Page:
It all depends on the lease and how you use a vehicle. If you are one of those people who trades as soon as your payments on your loan are up AND you don’t drive many miles per year – it makes sense. If I was under 12,000 a year and didn’t mind say leasing a Fusion cheap and washing my hands of it after 3 years, then its the right choice for me.

            Now for someone doing 20,000 miles a year like I am and who also insists on accessorizing my vehicles a lease makes little sense.

            Regardless of whether you buy or lease, you spend 100s of thousands of dollars on automobiles during your life and what do have when you die? A vehicle sitting in the garage depreciating a little bit day by day.

          • 0 avatar

            The opposite is true as well – I don’t drive enough miles to lease. I might put 5K on my GTI this year. I put about 2K on my BMW in the past year, and that is unlikely to increase anytime soon.

            It makes waaay more sense to buy and hold, but if you must have the new shiny you should at least run the numbers on a lease. But with the various fees they are rarely the way to go unless heavily subvented.

    • 0 avatar


      Sure, because it makes SOOO much sense to take money out of the market, pay the brokers fees, pay the capital gains tax, and forego the potential years of future gains, to save the lousy less than 2% interest a car loan will cost you if you are in a position where you should be considering more than the most modest new car in the first place.

      I believe this is the definition of “penny wise and pound foolish”.

      • 0 avatar

        If everyone who buys a new car has amazing investment portfolios and are making killer returns while driving a shiny new car using OPM, why is everyone worried by the debt level? It’s because reality isn’t like this.

        Half the US population is living paycheck to paycheck. A quarter in the US don’t have emergency savings. Most people are broke and the idea of unexpected maintenance on a used car is terrifying to them. So the new car, either leased or purchased over 84 months, is attractive and gives them a sense of security.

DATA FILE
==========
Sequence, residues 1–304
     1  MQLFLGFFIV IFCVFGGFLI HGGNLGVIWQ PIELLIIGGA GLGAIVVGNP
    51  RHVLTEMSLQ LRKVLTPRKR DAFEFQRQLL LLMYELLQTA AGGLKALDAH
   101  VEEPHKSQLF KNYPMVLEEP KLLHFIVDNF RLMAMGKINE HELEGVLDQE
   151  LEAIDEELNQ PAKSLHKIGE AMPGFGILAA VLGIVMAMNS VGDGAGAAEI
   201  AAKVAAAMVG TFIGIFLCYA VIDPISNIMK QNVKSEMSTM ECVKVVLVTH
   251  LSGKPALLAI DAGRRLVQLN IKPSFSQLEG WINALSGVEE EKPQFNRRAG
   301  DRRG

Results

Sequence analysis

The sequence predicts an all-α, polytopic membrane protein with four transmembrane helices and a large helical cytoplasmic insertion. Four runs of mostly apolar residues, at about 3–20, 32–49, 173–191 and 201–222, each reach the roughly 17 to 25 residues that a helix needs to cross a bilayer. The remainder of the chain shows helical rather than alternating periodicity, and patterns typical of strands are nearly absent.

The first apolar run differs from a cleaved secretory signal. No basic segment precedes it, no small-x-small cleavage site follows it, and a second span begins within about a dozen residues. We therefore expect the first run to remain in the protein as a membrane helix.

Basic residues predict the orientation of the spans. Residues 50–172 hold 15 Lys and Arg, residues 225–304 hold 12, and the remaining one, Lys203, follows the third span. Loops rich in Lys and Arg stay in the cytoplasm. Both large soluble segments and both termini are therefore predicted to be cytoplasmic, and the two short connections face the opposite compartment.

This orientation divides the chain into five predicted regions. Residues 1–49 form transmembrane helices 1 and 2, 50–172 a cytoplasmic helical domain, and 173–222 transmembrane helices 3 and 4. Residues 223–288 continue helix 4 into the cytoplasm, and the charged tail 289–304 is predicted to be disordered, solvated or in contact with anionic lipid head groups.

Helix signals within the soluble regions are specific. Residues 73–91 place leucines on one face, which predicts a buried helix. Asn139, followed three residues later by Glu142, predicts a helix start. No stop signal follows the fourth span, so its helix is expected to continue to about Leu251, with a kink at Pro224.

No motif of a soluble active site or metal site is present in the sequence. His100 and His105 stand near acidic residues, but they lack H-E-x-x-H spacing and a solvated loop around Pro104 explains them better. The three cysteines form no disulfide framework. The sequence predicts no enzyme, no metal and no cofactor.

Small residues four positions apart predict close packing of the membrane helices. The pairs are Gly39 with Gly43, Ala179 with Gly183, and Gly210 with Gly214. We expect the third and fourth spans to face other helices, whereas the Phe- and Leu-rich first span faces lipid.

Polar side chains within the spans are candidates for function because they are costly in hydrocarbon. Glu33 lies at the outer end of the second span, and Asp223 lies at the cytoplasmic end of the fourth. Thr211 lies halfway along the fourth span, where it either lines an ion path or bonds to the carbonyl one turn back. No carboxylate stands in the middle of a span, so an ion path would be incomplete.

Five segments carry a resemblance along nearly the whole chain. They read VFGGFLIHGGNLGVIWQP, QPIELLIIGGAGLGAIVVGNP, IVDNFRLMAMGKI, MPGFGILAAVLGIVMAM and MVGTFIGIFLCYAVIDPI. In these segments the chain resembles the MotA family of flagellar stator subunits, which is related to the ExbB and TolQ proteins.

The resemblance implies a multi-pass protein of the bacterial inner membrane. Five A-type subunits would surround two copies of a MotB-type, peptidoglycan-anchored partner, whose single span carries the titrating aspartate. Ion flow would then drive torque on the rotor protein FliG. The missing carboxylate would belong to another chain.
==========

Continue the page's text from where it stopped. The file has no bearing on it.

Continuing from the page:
That’s why a lot of people buy new when really they should be buying a beater until they get their financial house in order. It has nothing to do with market returns and using OPM and all to do with the symptoms of poor financial education and lack of behavior control from consumers.

        • 0 avatar

          Ultimately, there is a lot to be said for a known, utility-like bill for transportation that can be budgeted for with few surprises if you are broke. But the whole “pay cash for a new car” meme is stupid. If you have the wherewithal to pay cash for a new car, there are MUCH better things you can do with the money. Which is my entire point. I *could* have paid cash for my last four new cars, but it would have been stupid. The interest cost is too low to bother with at this point in time. I had the ability to deal with driving relative beaters when I was a lot less well off than I am now. But not everyone can do that. Cars are expensive to fix if you have to pay someone to do it.

          Cars aren’t houses. They are easy to repossess and resell, and thus angst over subprime lending for cars is misplaced. I’d put it FAR down the list of financial issues to be worried about, after housing debt, high interest credit card debt, medical debt, and student loan debt. And subprime auto debt tends to be priced properly. The big issue with the housing crisis was that the subprime debt was priced largely the same as the prime, and not differentiated when it was sold.